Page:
The next two nights we had in Kruger National Park which had the best infrastructure of all the parks but due to the dense vegetation it was very hard to spot the animals. We have to admit that we had been spoilt by the abundance of animals in the north (Serengeti, Maasai Mara). We did however get hyenas at the fence to our campsite sniffing around for some of our bbq chicken and went to sleep listening to the sounds of nearby lions roaring.

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Blyde River Canyon

Our trip ended in Jo'burg where we had a friend that we stayed with for two nights before we flew into Cape Town.

We have had one week in Cape Town and we have made the most of it. A friend of ours who we worked at Camp Carolina with was able to put us up for the week. Sonia is a teacher and is on her holidays so she has been able to show us around and be our tour guide while we are here. We have been staying at her parents home in Stellenbosch which some of you may know is an extensive wine region and we have been out and sampled a few of the grapes.

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Wine Tasting in Stellenbosch Region

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Strawberry Picking in the wine region

We have been extremely lucky with the weather so far which means we have been able to do all our planned activities. We decided that rather than take the cable car to the top of Table Mountain that we would get up early on Sunday morning and beat the heat and hike to the top. We did the Platteklip Trail and it was literally a vertical climb for the full 1hr 45mins that it took for us to summit.

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Platteklip Gorge Walk

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Platteklip Gorge Walk - View from our hike

It was well worth it and much more fulfilling than the touristy cable car. We had a perfect sunny and cloudless sky and we made the most of our time up there soaking up the magnificent view.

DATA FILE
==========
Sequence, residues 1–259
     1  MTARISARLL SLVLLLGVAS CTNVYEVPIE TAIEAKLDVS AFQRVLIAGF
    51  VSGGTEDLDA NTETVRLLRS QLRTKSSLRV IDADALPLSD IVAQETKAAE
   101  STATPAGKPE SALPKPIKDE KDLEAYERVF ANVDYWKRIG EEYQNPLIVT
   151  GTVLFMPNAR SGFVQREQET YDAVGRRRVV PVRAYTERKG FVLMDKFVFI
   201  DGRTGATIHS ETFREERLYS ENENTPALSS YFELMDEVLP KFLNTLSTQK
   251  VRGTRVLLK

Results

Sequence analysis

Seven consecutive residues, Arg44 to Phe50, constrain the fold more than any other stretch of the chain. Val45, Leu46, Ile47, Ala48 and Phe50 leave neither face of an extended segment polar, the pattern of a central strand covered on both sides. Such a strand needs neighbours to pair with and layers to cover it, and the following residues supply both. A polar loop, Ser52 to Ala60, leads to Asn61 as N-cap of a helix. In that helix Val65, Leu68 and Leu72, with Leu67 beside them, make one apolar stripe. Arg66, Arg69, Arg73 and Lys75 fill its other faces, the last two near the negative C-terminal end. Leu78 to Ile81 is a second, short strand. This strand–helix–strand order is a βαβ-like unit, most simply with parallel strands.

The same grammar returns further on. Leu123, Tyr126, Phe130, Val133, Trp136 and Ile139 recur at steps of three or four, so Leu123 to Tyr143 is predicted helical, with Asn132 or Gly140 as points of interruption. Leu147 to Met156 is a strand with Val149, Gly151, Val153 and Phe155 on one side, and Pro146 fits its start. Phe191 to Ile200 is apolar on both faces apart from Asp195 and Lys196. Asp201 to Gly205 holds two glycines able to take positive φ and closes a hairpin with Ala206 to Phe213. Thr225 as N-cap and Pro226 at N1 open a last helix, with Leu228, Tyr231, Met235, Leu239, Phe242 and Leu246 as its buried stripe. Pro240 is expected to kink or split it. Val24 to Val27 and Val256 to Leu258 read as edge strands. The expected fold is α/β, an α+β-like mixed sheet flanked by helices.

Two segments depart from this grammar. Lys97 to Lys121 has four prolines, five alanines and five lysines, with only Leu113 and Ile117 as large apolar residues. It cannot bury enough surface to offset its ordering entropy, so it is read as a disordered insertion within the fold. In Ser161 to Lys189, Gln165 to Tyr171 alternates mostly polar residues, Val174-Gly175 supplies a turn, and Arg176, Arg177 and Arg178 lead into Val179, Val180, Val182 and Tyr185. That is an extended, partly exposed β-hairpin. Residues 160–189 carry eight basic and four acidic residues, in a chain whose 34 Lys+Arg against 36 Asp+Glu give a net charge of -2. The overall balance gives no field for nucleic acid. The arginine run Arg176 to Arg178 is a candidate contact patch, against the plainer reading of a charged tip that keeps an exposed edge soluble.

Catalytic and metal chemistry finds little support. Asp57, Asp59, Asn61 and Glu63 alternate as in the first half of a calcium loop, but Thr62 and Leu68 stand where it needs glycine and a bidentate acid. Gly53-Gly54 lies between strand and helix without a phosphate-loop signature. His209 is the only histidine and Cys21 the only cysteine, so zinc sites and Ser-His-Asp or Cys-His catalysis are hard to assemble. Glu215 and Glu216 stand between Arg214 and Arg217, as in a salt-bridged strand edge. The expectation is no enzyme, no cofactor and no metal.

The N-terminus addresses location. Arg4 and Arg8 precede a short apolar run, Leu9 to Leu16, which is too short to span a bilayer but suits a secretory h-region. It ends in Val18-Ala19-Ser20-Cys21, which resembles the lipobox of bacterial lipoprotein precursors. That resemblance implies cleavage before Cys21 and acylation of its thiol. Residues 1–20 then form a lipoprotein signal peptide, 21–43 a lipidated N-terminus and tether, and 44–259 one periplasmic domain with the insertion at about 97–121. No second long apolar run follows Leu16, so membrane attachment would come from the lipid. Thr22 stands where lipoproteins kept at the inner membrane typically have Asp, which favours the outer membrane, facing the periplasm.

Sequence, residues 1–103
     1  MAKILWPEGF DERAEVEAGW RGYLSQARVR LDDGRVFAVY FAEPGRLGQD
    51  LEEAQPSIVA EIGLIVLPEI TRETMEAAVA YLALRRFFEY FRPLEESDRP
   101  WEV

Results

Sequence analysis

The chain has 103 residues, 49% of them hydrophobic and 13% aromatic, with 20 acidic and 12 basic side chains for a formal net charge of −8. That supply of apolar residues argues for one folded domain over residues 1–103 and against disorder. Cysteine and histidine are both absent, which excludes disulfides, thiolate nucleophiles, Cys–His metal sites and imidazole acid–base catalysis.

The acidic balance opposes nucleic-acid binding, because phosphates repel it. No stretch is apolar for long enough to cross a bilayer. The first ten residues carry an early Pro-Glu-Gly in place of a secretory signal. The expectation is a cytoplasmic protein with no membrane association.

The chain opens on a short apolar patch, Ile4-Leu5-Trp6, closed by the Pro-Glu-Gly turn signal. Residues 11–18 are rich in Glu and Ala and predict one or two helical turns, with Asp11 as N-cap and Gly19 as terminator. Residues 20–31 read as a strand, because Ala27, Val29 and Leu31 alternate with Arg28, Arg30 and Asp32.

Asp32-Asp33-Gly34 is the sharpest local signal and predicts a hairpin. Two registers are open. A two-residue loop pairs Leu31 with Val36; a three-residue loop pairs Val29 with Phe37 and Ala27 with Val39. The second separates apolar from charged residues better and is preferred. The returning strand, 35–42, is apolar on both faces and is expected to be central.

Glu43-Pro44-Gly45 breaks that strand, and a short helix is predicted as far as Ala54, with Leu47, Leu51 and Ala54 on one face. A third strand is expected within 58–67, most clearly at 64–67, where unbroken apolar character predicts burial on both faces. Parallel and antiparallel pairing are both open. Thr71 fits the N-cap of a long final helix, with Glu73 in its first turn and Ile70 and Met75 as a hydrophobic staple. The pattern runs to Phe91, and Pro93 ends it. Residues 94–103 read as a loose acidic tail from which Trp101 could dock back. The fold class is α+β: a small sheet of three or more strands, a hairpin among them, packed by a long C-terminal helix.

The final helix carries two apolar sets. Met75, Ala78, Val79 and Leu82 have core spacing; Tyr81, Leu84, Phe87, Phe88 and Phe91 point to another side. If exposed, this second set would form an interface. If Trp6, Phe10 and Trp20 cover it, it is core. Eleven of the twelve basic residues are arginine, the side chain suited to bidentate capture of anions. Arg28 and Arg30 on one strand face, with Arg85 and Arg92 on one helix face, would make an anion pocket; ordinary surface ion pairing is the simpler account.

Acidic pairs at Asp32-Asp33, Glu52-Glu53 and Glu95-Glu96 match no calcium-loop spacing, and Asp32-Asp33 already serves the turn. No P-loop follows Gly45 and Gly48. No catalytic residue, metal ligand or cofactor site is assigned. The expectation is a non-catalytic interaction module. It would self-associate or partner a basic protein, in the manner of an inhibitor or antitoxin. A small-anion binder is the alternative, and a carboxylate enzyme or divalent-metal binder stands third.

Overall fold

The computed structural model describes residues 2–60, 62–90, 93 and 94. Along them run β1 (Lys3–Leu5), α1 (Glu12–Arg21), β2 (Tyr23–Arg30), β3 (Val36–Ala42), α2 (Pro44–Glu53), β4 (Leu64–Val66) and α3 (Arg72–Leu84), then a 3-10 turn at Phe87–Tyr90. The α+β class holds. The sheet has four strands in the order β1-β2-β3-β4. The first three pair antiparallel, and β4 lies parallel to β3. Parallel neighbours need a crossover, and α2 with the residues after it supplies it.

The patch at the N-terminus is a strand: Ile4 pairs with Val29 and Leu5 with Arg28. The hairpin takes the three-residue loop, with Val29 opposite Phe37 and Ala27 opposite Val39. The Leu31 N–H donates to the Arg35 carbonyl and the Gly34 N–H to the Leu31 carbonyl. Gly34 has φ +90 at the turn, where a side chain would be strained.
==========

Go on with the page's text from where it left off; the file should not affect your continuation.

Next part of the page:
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Top of Table Mountain

We decided on the lazy option down and took the cable car and six minutes later we were at the bottom. After returning home for some lunch and an afternoon snooze we were then back out again that night to watch a local South African band at a party in the botanical gardens of Kirstenbosch Park. So we had a picnic and a few drinks and enjoyed music in the late afternoon sun.

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Kistenbosch Concert in the gardens

Monday morning saw us up early again as we were off to Gansbaai for White Shark Cage Diving. We arrived at 8am after driving for 2hrs and jumped on the boat. Both Sonia and I had taken loads of motion sickness tablets as we worried about the four hours bobbing up and down in the ocean. It was a short boat ride out to Shark Alley which is near Dyer Island which is a main feeding area for the white shark population.

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Shark Diving in Gansbaai

We got off to a slow start and didn’t see any sharks for over an hour but unlike game drives you literally can’t see the animals you are trying to spot. We saw about 5 sharks in total from the boat averaging about 2mtrs in length and we also got to jump inside the cage and view a shark from under the water. It was actually a much more sedate portrayal of a shark than we had expected. They are certainly not the man eating monsters that so many movies have made the out to be.

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Shark Diving in Gansbaai

Tomorrow is our last day in Cape Town and we have planned to drive to the southern most point to the Cape of Good Hope and then spend the rest of the day relaxing before we return to Australia on Thursday....................... First stop Perth to visit some friends for a week.

So our journey is pretty much at its end. We hope that you have enjoyed getting our blogs over the last 8 months. We have certainly enjoyed writing them even though it has taken considerable time and effort using foreign computer keyboards and extremely slow connections! We have had such a wonderful time and met so many amazing people and seen so many incredible things and have made memories that will last a lifetime.

Looking forward to seeing you all soon.

Ian and Terri

Posted by Ian_Terri 13.01.2009 02:26 Archived in South Africa Tagged backpacking Comments (3)

African Adventure

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View Around the World in 8 Months on Ian_Terri's travel map.

Day 1 to 3 – KENYA

We arrived from our flight into Nairobi, Kenya with no problems. Customs took a while but luckily our taxi driver was still there waiting for us in arrivals. We weren’t to know at the time but taking a long time to do something is how it’s done through Africa!
We spent 2 nights in our hotel in Nairobi before our tour started on the 7th of December. We met our travelling companions Andy (from England) and Mark (from Australia). We also met our crew who were Moses (tour leader), Papa (the driver) and Kababa (the cook). This is the part where everyone is meant to feel sorry for me for having to spend 4 weeks with 6 men!!!